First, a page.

The (Good) Trouble With David Shields

The Trouble With Men: Reflections on Sex, Love, Marriage, Porn and Power,  by David Shields, Mad Creek books, an imprint of The Ohio State University Press, 2019, pb 139 pp. no price provided.

 

About a month ago, I sent a copy of a new book, Locomotive, to David Shields, a writer I’ve known and admired for thirty years now.  The book was an account of a pretty awful divorce, and self-published because of the climate of censorship that currently exists in Canada. If you’re white and male in this country, you’re supposed to tug your forelock and shut your trap.

You think I’m exaggerating?  About a year ago, a novel by 85-year-old West Coast icon George Bowering, No One, which was a highly literate retelling of The Oddysey—and specifically, the troubling-to-contemporaries relationship between Odysseus and Penelope—was discovered, by the publishers’ female production and publicity staff to be guilty of sexism and gynophobia. These “discoveries” were made partway through the production process for the book, and resulted in the censoring female staff refusing to have anything further to do with the book, including, I presume, refusing to read Homer.  Production of No One eventually did resume and was completed, but when the book was released it received minimal publicity beyond the tale of what happened during production. Not surprisingly, it sank like a stone.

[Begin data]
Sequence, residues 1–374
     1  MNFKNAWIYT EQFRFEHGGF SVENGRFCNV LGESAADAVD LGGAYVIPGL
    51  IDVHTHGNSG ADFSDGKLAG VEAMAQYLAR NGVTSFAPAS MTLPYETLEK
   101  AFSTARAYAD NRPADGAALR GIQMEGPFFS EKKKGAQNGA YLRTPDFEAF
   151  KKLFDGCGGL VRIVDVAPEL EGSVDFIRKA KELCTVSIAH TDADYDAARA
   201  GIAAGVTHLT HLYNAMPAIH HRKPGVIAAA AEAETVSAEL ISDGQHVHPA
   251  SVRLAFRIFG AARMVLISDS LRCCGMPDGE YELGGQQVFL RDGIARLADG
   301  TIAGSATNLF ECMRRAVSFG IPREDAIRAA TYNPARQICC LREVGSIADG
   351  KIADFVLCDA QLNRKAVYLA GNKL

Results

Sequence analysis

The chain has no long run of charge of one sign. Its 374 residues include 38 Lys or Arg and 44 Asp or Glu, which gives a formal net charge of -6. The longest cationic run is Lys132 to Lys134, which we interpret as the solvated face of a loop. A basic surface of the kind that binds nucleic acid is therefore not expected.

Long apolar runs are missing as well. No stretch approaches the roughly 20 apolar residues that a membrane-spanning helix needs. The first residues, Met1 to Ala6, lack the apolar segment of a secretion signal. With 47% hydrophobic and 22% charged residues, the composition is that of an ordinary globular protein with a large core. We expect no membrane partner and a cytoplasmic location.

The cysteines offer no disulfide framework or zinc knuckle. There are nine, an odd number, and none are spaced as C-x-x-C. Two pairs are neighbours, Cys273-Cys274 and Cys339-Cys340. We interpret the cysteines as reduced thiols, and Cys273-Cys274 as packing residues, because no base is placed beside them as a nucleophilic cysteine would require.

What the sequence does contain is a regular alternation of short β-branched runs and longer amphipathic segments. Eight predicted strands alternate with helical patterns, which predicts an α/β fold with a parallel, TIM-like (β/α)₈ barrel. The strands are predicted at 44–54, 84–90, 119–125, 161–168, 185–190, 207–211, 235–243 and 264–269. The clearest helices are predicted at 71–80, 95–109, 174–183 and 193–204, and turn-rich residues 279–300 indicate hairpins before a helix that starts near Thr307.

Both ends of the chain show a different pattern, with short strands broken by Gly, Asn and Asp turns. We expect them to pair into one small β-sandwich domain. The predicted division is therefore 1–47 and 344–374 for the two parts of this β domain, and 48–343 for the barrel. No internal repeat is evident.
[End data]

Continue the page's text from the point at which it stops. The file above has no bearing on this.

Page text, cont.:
I’ll leave the larger implications of that particular mess for another occasion, but suffice it to say that it left me reluctant to put  Locomotive through a conventional publishing process, or to even enquire if that process was any longer available to an older, white male writer in Canada.

Shields responded instantly and enthusiastically when he received the book: he wrote an articulate and approving appreciation of it, and asked what he could do to move the book forward.  And then, a day or two later, he did what I’ve come to think of as “a David Shields”.

He asked some startlingly specific questions about the physical appearance and physical traits of the book’s central female character.  I responded as accurately and unguardedly. The questions were interesting; what was Shields up to?  Then came the “David Shields” move. He asked me if I had a photograph of her—or, rather, the real world person the character in the novel might or might not be based on.  (I’m sure you get my drift with this indirectness, and his).